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February 24, 2023
Hewlett Packard Enterprise (HPE) announced it purchased Italian startup Athonet, which offers core networks for private cellular networking operations. Terms of the deal were not disclosed.
HPE said the transaction is designed to better position the company in the market for private wireless networking services, whether directly to enterprises or to network operators targeting the sector.
Analysts expect serious growth in the space. HPE cited figures from research firm IDC predicting $1.6 billion in revenues from core network sales to enterprises by 2026.
Similarly, ABI Research recently predicted the overall revenue opportunity for private cellular networks to grow from $7 billion in 2023 to more than $96 billion by 2030. However, companies like Verizon have argued that the private wireless networking opportunity isn't growing as fast as expected.
"Telco customers are looking for simpler ways to deploy private 5G networks to meet growing customer expectations at the connected edge," said HPE's Tom Craig in a release. Craig is the general manager of the company's Communications Technology Group.
"With the acquisition of Athonet, HPE now has one of the most complete private 5G and Wi-Fi portfolios for CSP [communication service providers] and enterprise customers," Craig added.
Figure 1: (Source: Michael Vi/Alamy Stock Photo)
HPE boasted that 15-year-old Athonet counts more than 450 successful customer deployments in various industries around the world. It added that Athonet would also strengthen its Aruba-branded portfolio of Wi-Fi offerings by allowing HPE to deliver "fully integrated Wi-Fi and private 5G networks."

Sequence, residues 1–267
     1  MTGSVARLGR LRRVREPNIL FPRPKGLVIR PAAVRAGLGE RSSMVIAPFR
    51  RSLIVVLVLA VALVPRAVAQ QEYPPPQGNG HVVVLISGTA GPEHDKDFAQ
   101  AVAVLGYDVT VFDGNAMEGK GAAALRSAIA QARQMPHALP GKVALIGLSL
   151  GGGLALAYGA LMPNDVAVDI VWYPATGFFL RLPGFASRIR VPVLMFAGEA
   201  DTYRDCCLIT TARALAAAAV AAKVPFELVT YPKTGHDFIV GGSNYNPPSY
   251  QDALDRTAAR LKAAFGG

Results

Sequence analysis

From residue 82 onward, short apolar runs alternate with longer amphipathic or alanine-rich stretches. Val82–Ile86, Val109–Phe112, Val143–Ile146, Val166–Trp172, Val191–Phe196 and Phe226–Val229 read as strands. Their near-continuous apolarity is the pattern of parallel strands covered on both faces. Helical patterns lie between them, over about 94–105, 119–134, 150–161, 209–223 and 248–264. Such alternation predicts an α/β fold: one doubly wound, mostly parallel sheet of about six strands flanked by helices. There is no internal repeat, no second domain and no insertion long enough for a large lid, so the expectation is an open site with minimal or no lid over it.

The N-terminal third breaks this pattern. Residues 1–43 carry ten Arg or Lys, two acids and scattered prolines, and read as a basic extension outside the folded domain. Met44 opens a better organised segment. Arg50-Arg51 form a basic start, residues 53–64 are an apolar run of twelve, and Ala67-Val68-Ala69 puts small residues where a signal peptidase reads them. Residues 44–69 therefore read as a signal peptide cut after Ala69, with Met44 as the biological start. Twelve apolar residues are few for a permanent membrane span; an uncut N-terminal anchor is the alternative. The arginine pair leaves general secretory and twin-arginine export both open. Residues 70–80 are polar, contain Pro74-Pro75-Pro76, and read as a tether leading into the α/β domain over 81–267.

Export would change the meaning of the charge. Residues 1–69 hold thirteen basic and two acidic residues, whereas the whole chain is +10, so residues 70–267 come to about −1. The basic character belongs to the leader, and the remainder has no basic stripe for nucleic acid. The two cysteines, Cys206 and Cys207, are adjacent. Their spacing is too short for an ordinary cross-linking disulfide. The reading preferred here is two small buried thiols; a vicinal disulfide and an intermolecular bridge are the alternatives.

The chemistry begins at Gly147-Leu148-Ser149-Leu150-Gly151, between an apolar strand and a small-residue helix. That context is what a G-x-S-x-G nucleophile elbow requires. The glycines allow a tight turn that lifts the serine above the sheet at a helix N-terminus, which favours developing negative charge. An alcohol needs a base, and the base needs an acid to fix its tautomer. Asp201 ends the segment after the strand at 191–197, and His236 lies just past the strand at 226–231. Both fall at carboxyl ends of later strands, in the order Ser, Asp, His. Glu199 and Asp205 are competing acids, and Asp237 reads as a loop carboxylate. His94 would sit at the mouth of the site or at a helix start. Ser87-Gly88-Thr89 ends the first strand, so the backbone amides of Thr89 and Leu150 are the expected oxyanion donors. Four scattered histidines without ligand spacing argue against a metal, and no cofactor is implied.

HPE said it expects the transaction to close at the beginning of its third quarter.
HPE isn't the only company chasing the private wireless networking opportunity. Indeed, it's not the only one making news on the topic this week. Among some of the recent advancements in the space:
Startup RAKwireless announced its "5G in a box" hotspot that offers radio, core network and edge computing functions.
Amazon Web Services (AWS) said T-Mobile would support its new private wireless networking sales program.
Dell Technologies said it expanded its portfolio of offerings in the private wireless networking sector, a move designed to help the company sell its telecom services and equipment to enterprises building their own wireless networks.
Startup Celona announced new updates to its enterprise private wireless platform, including features that would be available beyond the US market.
Radio vendor Airspan announced the launch of its "Airspan Partner Program," designed to speed up the sale of its equipment among private wireless enterprise customers.
Startup Ataya, founded in 2021, emerged from stealth mode with a product company officials said will allow enterprise customers to manage all kinds of networks – whether Wi-Fi or 5G – from one interface. The company boasts a front office hailing from companies including Cisco, Ruckus, Commscope, Broadcom and Qualcomm.
Editorial Director, 5G & Mobile Strategies, Light Reading
Based in Denver, Mike has covered the wireless industry as a journalist for almost two decades, first at RCR Wireless News and then at FierceWireless and recalls once writing a story about the transition from black and white to color screens on cell phones.
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